- English language
While our mother tongue education is important, English language competence is likely to be of greater immediate importance. This is because the top universities which are recognised worldwide today, are located in the English speaking world – be it Oxbridge or the Ivy leagues. In addition, the bulk of the reference materials are of English language origin or at the very least, would have a translated version in English.
Hence, whichever choice of education system our kids undertake, it should be able to provide them with a strong and solid foundation in English. In addition, we believe that language education is most important during primary school, as that’s when it is easiest for them to pick up the rudiments of any language.
- National integration
What has national integration got to do with a kid’s education, you might ask? National integration tends to be absent from most people’s priority list when selecting a schooling system for their children. I’ll place additional emphasis on this criterion, as it is the criterion most often overlooked by Malaysian, particularly Chinese parents.
- We live in a multi-racial country. It is my firm believe that for the country to succeed in its national integration goals, all ethnic groups must possess good understanding of each other in terms of culture, religion and common practices. Being Malaysians, national integration should be one of our key goals so that we are able to live in harmony with one another. I’d like my daughter to grow up with life-long friends of all races, not just to “stick” among our own racial group.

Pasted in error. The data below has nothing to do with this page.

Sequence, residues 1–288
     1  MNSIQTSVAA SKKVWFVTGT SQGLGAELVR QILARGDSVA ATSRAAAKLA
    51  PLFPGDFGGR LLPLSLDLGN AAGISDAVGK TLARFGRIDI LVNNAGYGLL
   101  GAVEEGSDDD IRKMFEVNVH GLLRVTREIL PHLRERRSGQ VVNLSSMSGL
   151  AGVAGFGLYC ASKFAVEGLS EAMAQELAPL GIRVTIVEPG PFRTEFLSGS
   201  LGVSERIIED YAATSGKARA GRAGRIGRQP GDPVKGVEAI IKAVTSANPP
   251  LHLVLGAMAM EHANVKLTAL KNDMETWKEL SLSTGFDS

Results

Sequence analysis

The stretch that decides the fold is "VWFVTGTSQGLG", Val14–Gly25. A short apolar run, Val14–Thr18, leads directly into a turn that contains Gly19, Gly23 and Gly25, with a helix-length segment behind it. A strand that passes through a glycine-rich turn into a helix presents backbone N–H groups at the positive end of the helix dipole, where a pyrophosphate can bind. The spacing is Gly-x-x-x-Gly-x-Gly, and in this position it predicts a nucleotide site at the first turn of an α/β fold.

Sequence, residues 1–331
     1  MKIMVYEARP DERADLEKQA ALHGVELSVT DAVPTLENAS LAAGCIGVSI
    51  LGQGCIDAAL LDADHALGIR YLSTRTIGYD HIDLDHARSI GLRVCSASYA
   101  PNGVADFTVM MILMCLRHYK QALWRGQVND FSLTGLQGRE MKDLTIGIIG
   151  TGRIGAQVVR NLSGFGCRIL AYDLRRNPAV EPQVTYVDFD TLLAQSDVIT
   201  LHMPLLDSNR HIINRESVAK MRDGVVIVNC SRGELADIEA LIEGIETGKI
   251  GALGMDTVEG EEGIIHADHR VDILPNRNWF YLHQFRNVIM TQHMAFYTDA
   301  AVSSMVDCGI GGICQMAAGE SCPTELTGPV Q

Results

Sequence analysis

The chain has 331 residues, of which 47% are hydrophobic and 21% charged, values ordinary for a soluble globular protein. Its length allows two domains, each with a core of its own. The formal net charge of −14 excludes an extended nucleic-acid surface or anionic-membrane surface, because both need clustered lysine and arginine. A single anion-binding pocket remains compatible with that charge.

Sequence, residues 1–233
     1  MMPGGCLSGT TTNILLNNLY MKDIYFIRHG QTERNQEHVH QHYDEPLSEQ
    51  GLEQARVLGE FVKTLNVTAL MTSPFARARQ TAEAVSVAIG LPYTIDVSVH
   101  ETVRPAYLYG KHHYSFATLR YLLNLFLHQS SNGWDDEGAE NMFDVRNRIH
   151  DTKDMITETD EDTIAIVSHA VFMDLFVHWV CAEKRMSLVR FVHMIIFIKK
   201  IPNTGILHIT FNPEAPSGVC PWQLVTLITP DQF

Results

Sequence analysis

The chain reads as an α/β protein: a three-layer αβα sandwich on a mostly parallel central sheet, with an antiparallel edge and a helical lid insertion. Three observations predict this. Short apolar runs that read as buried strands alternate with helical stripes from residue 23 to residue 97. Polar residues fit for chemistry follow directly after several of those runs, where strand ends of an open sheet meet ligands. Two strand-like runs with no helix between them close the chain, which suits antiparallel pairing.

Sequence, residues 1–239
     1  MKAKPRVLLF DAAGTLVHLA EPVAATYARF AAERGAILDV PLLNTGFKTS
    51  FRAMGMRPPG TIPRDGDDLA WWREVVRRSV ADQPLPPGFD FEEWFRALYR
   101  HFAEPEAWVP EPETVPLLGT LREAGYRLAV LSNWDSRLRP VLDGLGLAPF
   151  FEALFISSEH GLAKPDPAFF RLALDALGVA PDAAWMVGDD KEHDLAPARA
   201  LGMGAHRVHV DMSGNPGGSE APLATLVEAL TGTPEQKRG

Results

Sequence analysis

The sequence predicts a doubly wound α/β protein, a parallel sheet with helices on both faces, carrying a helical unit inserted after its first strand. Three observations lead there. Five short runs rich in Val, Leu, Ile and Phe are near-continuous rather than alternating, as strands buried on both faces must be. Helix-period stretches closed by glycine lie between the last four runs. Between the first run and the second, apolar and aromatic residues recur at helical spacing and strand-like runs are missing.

- In addition, national integration allows for our children to pick up many necessary soft skills which will serve them well in both their social as well as occupational careers. If our children are able to integrate well with other ethnic groups, they would have naturally learnt to be tolerant of various social and cultural practices. More importantly, they will learn to accept that being “different” is not equivalent to being “better” or “worse”, a key distinction that is often neglected.
I am often upset by fresh graduates whom during interviews would inadvertently express racially biased sentiments without realising it. I attribute the basis of their opinions largely to the fact that they have had few or little interactions with other racial groups, particularly during their years in education, despite living in our racially diverse community.
- National integration in Malaysia would also mean that our child will have to be reasonably fluent in Bahasa Malaysia. I would like her to be able to converse fluently with her Malay friends in the language. I find that the verbal skills of most of the younger Chinese in the Malay language do not extend very much beyond making food orders at the corner mamak shops. This actually leads to further reasons for segregation amongst the Malaysian racial groups.
The above are our key criteria or yardstick which we will use to decide which school Xin Ying should attend. In my next post sometime during the week, I shall write on whether the national or the Chinese schools will be able to meet the criteria outlined above.